What’s your take on chat apps and the news? Will it be the next arena for news consumption? What is the Wall Street Journal's ‘chat apps’ strategy?

Banks: Chat apps are the next frontier for news, and perhaps they’ll even overtake social media platforms in terms of attention from news organizations’ audience development teams in the next year. My colleagues in our Asia office have experimented with sharing content on Line and sending push alerts twice a day. We’ve reached more than 800,000 followers on the platform, which is a significant number.

Have you been following the news on automation? That is, the news that AP has hired its first automation editor to monitor content produced by software. What’s your take on automated journalism? Is it a positive development or a negative one? Has the Wall Street Journal done anything with automation and mobile content? 

Banks: I find it fascinating, efficient and frightening. Fascinating to see what technology is capable of understanding and translating. Efficient for certain types of news, like earnings reports, sports game recaps. And frightening for what it means for the future of the profession, which has traditionally been slow to evolve and adapt to new technologies. If we embrace this trend, rather than avoid it, journalists will be able to evolve along with it and it can be a positive trend, freeing journalists from chasing and regurgitating commodified news. However, I don’t believe a robot or an algorithm will ever replace the analysis, context, voice or ethics that a human can provide.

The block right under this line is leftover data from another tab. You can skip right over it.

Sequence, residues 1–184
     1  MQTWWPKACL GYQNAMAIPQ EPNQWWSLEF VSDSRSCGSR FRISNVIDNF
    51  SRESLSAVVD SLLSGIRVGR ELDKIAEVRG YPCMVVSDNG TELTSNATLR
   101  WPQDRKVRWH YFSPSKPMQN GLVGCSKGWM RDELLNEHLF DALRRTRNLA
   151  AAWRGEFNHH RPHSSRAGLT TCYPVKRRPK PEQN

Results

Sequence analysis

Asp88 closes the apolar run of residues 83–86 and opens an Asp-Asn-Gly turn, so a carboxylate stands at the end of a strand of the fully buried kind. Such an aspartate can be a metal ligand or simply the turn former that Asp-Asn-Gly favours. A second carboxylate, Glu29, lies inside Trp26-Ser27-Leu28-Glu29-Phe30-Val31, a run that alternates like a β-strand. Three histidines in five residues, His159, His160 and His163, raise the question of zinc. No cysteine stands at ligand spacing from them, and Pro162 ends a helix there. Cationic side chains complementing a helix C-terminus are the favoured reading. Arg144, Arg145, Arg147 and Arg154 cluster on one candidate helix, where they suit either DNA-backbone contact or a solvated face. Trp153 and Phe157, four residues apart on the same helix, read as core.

What does the next six to twelve months hold for you in terms of identifying and responding to new mobile trends? What do you think 2016 holds?

Banks: From the Journal and elsewhere, you’ll start to see content created specifically for mobile platforms and even more content created specifically for social platforms and then a cross-over between the two.  Publishers will move away from shoehorning content created for the web and print downstream into mobile. If we do make mobile content upstream, there’s a strong chance it’ll make the rest of the newsroom faster and more nimble. 

I think we’ll continue to explore what new platforms make the most sense for reaching our subscribers and measuring the return on those. Does Meerkat make more sense than Periscope? With a subscription model and without the ability to put ads on those, does it even make sense to use those platforms? Those are just a few of the questions we’re already asking. In 2016, I hope we see more use of the technologies inside smartphones in relation to news and how it’s delivered. For instance, recognizing your patterns — what content you gravitate toward, the times of day you launch the app, whether and when you watch video to provide more news and content you might be interested in.

*Note: This interview was conducted just ahead of the WSJ.COM digital redesign launch

 

Author

Angelique Lu

Date

2015-04-22 11:00

Author information